Since picking up the proverbial pencil or pen to bring these reviews to life over a year ago, there are many elements of comics that I never considered that much that I really focus on now. One of those is paneling and the different styles that are presented in how pages can be put together. Ferreira is the type that doesn’t have multiple pages that look, all the same, going for pages that might have three stacked varying sized panels next to a page that drops them in like jigsaw puzzle pieces next to one that has three horizontal rectangle panels side by side.
Last issue there were two inkers with styles that were similar and flowed but had their own slight flavors. Here Ho takes that role on alone and there is an even more cohesive feeling to the book because the depth and weight his work brings is throughout all the pages equally. Ferria’s art style and Ho’s inks are a great pair, as they complement one another and really create something special.
Just as there were two inkers in the last issue that became one for this issue, the same was true for the colorists. Tartaglia hits all the right notes for achieving that space where there are some really nice bright deep colors that match the superhero/magical aspects alongside the heavy deep dark shadows that are ever-present in this darker toned and darker cause it’s a story taking place at night. There is also a bit of a muted feeling to them along with a sort of Earthy or grounded feeling, even with the more fantastical elements on display.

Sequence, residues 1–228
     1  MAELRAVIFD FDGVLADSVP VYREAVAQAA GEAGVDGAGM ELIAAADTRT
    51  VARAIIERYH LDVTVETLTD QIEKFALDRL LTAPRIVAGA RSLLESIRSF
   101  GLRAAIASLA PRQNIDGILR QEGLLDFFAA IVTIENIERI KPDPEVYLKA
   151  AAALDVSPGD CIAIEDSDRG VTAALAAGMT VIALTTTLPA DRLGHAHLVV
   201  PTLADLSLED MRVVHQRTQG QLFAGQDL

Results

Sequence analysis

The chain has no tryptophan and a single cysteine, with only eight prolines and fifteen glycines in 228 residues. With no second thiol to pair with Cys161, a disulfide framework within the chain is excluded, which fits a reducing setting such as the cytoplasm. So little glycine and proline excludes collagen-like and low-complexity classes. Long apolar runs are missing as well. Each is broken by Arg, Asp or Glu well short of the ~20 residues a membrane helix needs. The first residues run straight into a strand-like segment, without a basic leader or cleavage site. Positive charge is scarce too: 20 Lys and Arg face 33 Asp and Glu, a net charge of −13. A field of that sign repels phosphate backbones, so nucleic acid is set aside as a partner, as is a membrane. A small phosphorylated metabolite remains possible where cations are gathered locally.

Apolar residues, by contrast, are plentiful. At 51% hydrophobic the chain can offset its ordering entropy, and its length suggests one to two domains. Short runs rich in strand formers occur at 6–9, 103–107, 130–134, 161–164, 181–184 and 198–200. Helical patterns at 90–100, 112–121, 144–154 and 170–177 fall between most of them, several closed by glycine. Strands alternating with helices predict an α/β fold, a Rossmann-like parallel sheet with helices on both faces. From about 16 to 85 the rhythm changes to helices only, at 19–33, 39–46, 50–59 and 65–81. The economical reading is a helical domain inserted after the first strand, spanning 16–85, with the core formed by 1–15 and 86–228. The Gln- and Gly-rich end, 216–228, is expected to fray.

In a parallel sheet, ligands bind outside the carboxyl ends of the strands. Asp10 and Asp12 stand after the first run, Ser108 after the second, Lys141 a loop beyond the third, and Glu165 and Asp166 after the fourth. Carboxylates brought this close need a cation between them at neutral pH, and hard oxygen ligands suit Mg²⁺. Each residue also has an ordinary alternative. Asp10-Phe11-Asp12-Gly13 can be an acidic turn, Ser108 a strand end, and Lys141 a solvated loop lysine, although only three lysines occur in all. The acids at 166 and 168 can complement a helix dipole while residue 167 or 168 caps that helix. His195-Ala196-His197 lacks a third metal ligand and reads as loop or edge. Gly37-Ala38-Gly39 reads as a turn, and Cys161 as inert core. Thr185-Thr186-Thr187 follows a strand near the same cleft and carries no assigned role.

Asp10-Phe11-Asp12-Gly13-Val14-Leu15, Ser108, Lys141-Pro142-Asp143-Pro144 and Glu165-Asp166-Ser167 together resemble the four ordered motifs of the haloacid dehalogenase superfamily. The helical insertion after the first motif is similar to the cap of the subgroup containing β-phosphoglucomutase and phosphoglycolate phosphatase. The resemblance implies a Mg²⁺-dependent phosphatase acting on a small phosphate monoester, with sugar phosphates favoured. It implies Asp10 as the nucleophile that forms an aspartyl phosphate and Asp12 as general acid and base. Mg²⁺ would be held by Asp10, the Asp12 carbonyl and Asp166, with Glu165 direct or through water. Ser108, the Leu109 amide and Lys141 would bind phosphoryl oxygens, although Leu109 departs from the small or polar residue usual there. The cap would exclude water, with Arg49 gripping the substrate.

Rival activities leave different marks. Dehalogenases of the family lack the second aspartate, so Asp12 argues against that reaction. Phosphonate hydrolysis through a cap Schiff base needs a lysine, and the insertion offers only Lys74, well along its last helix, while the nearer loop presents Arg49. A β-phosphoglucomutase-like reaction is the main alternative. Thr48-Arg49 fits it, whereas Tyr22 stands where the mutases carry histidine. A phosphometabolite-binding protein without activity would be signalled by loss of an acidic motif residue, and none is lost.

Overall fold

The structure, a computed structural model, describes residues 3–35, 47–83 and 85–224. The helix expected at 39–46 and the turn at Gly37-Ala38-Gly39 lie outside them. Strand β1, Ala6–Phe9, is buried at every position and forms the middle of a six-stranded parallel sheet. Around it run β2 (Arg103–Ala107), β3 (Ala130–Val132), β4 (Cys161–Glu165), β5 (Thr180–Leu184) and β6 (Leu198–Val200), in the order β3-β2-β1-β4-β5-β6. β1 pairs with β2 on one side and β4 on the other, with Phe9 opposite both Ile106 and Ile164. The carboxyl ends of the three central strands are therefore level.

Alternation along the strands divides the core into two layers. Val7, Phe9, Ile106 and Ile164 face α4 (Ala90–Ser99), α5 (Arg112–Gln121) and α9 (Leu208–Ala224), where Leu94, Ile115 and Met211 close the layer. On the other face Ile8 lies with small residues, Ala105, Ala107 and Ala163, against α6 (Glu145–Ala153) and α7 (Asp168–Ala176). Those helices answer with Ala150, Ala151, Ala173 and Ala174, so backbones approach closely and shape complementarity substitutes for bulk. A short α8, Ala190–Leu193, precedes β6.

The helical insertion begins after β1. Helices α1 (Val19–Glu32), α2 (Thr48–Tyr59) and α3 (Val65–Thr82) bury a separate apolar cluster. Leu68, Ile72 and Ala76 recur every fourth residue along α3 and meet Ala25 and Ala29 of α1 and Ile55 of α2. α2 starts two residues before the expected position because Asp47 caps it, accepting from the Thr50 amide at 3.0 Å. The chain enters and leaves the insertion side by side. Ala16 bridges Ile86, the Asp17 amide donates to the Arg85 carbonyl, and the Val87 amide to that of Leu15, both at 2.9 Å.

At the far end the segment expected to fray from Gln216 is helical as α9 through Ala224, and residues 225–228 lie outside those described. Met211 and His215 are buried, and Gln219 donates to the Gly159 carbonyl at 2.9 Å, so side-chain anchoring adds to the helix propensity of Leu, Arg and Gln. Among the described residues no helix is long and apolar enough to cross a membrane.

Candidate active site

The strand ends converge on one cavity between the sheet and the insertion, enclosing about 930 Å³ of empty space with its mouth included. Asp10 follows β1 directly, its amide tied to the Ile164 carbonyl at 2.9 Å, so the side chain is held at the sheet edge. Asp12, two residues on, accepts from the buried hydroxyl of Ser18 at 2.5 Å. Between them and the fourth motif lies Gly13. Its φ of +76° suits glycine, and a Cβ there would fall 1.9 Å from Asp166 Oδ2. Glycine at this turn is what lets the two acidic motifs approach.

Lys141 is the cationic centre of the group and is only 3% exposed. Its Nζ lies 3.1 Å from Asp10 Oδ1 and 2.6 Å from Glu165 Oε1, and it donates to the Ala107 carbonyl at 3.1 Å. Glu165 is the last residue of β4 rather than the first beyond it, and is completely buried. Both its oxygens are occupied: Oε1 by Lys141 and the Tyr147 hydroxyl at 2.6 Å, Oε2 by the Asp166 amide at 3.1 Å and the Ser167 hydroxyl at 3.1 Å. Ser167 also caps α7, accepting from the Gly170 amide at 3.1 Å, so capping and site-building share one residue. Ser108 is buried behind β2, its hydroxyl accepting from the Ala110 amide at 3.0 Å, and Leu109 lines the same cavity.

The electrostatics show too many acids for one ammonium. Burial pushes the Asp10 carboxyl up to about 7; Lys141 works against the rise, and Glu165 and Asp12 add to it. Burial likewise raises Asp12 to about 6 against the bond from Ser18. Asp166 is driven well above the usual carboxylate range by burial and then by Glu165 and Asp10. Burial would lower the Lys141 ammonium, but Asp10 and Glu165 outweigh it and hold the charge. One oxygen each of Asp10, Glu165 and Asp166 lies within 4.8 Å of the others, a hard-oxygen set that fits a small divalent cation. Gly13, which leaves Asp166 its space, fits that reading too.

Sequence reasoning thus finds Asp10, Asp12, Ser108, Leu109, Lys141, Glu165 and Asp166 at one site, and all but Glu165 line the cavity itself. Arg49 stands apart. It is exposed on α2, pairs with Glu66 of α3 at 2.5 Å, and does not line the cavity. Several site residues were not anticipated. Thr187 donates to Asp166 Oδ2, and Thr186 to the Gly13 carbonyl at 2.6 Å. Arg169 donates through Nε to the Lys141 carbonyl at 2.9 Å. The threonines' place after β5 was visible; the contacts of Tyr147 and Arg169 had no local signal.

Lettering is just such a fantastic thing. Not only does it provide all the dialogue and captions and other elements that help us ‘hear’ the story, but it helps set a lot of the tone and dip into the same energy as the other elements of the book. Petit makes sure that the lettering here always feels natural and flows in an orderly way, and makes it feel very realistic. That realism comes from just doing the little things that make different volumes and emotional utterings feel correct, like shrinking or growing the font or changing the font style to make whispers or yells clear. Those bright but grounded colors also find their way into the lettering as the magical spells are colorful, and Clea’s narration boxes have a pinkish color to them as well.
SFX are fantastic and here we get a lot of them that fall right into the great spot of being firmly part of the moment they are meant to represent. One could do the ‘Krakoom’ of Thunderstrike’s transformation as something above the characters or floating around, but it’s far more impactful when it’s right there smack dab in the middle of the panel taking up space and radiating power. Even the ones that are smaller in size and tone are still right there in the moment and convey the same levels of power despite their size.
Strange #2 is now available in print and digitally from Marvel Comics.